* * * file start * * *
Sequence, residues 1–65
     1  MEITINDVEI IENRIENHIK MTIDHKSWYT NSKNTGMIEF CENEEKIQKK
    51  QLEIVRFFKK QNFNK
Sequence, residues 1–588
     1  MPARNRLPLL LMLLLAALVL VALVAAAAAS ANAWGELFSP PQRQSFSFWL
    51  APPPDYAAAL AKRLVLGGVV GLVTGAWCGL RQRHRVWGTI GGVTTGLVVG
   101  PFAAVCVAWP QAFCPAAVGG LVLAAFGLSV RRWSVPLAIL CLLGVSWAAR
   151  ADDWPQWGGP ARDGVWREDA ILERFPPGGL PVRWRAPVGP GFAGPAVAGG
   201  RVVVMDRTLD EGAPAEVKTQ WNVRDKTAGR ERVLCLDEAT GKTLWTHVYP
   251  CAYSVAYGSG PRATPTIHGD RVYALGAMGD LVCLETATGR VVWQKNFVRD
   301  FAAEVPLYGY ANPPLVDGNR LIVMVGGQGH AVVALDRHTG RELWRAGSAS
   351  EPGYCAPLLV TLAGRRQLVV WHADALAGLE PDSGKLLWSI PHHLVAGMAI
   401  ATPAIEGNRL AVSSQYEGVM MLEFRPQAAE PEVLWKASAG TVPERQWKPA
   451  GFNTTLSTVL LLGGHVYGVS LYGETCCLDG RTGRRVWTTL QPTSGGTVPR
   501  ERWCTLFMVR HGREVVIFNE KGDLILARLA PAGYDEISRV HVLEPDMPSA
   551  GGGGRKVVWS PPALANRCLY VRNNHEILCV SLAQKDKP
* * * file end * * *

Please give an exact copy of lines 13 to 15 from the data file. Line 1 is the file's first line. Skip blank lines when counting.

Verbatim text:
   401  ATPAIEGNRL AVSSQYEGVM MLEFRPQAAE PEVLWKASAG TVPERQWKPA
   451  GFNTTLSTVL LLGGHVYGVS LYGETCCLDG RTGRRVWTTL QPTSGGTVPR
   501  ERWCTLFMVR HGREVVIFNE KGDLILARLA PAGYDEISRV HVLEPDMPSA